- With the ICD-10 conversion behind us, most billing and coding hiccups caused by the transition are slowly becoming a distant memory. However, rising patient out-of-pocket expenses – expected to reach $420 billion in 2015 – are just beginning to show their effects. Healthcare providers will need to address this growing issue head-on if they hope to stay profitable and stay in business.
Due to factors such as the Affordable Care Act and health insurers' aspiration for continual quarter-on-quarter earnings growth in a mature market, it is increasingly common for patient deductibles to be upward of $5,000 for in-network providers, and $10,000 for out-of-network providers – which for ACA plans includes many if not most specialists.
Today, patients often have co-insurance rates as high as 30 percent. Yet given that 62 percent of Americans have less than $1,000 in savings, many patients lack the liquidity to cover these out-of-pocket expenses.
Some may borrow from loved ones or creditors to pay bills; others may neglect them entirely—translating to losses for medical providers that refuse to update their business practices.
Healthcare providers should consider taking the following steps to mitigate these effects and minimize loss:
Verify insurance coverage
Providers should always verify patient coverage and that the plan is active just prior to all visits and procedures. During verification, providers should inquire about the patient’s un-met deductible, co-payment, and co-insurance responsibilities.
Collect the patient's responsibility at the time of service
On average, claims processing, payments, billing, bad debt and other aspects of revenue cycle management cost the healthcare industry $315 billion annually—with providers taking the brunt of these expenses.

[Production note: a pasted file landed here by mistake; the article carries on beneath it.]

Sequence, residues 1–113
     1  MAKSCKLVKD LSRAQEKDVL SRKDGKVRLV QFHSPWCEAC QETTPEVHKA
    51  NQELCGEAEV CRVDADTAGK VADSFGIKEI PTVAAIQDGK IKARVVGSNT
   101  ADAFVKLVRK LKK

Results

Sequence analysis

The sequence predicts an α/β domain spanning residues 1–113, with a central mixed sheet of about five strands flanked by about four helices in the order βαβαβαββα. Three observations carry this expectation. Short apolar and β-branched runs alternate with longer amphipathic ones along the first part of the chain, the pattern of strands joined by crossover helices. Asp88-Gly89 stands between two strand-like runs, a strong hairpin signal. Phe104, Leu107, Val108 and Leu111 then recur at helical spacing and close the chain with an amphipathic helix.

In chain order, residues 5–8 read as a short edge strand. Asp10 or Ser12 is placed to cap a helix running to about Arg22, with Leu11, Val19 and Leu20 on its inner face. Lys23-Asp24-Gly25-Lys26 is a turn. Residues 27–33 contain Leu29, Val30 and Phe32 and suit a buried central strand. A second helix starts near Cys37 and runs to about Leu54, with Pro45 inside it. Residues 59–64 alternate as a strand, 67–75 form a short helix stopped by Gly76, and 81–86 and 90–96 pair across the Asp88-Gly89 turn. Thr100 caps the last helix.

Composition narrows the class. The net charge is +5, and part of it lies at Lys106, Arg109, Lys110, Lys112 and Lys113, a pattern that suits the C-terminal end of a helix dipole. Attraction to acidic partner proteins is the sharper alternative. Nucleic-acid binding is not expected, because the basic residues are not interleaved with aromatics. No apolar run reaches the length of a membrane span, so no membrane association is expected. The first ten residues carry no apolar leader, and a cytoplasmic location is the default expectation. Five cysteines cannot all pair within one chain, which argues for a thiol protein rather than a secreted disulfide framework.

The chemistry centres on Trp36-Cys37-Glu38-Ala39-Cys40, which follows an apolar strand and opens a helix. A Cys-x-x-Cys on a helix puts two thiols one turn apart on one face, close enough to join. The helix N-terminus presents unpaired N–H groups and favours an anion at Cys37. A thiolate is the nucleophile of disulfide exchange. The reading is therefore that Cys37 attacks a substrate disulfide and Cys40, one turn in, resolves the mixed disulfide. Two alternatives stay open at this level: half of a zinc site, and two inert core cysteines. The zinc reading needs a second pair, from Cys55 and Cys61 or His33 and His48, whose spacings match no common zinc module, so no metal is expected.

By requiring that all patients fulfill their financial responsibility at the time of service, medical providers can simultaneously transfer the financial risk to entities such as banks that are in the business of lending and collecting money, and decrease billing-related expenses for the medical provider.
Additionally, the medical provider may also reduce frivolous malpractice claims filed solely to avoid payment by not having to collect from the patient after the time of service.
Obtain an accurate estimate of allowable amounts
It is critical for providers to use accurate estimates when collecting the patient responsibility, as inaccuracies can generate added follow-up expenses, such as refunds and bills, which may turn profitable procedures into losses. Since obtaining current allowable amounts directly from payers can be challenging, to say the least, providers should use software tools that assess historical data and estimate allowable expenses for specific payers and procedures.
When presenting the estimated allowable for a procedure, or collecting for a visit at the time of service, providers should use the interaction as an opportunity to educate patients so that they may better understand both their coverage and financial responsibility.
It is very helpful to provide handouts (bi-lingual) that clearly define key terms such as premium, co-pay, deductible, co-insurance, and allowable.
De-code the codes
Provider billing systems and CMS claim forms were traditionally designed for communicating with insurers, listing secret codes and meaningless usual and customary fees. CPT and ICD-10 codes are difficult for patients to understand, and the usual and customary billed charges only cause confusion.
Providers should include layman’s descriptions for codes, and a plain language calculation of the estimated patient responsibility, so that patients can understand why they are writing a check.
Simplify the collection process
For providers that collect from a patient following a procedure, rather than at the time of service, it is imperative to simplify the collection process; this not only maximizes revenue and reduces days in A/R, but also increases the likelihood that the patient will return for future visits.
Providers should look for opportunities to consolidate bills and improve collection communications, including: summarizing services alongside the status of insurance claims, clearly indicating what is due, providing multiple payment options - such as online and phone bill pay - to meet patients’ personal preferences, and providing contact information to engage with patients who have questions.
Discussing financial responsibility is a sensitive part of the patient-provider relationship, but by actively engaging with patients and resolving accounts with the least amount of hassle, healthcare organizations can go a long way in enhancing patient satisfaction, while improving their bottom line.